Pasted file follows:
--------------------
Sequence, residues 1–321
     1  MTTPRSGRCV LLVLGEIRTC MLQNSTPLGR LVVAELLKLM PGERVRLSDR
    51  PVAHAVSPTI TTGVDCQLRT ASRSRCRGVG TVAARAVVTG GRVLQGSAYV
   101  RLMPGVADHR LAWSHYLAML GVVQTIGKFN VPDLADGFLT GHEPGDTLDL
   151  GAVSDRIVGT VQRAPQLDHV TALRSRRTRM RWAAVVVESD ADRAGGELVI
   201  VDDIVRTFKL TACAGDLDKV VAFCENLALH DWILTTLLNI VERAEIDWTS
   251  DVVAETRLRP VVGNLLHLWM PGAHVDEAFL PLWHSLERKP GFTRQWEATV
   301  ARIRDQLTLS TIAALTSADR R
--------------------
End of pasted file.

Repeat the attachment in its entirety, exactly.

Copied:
Sequence, residues 1–321
     1  MTTPRSGRCV LLVLGEIRTC MLQNSTPLGR LVVAELLKLM PGERVRLSDR
    51  PVAHAVSPTI TTGVDCQLRT ASRSRCRGVG TVAARAVVTG GRVLQGSAYV
   101  RLMPGVADHR LAWSHYLAML GVVQTIGKFN VPDLADGFLT GHEPGDTLDL
   151  GAVSDRIVGT VQRAPQLDHV TALRSRRTRM RWAAVVVESD ADRAGGELVI
   201  VDDIVRTFKL TACAGDLDKV VAFCENLALH DWILTTLLNI VERAEIDWTS
   251  DVVAETRLRP VVGNLLHLWM PGAHVDEAFL PLWHSLERKP GFTRQWEATV
   301  ARIRDQLTLS TIAALTSADR R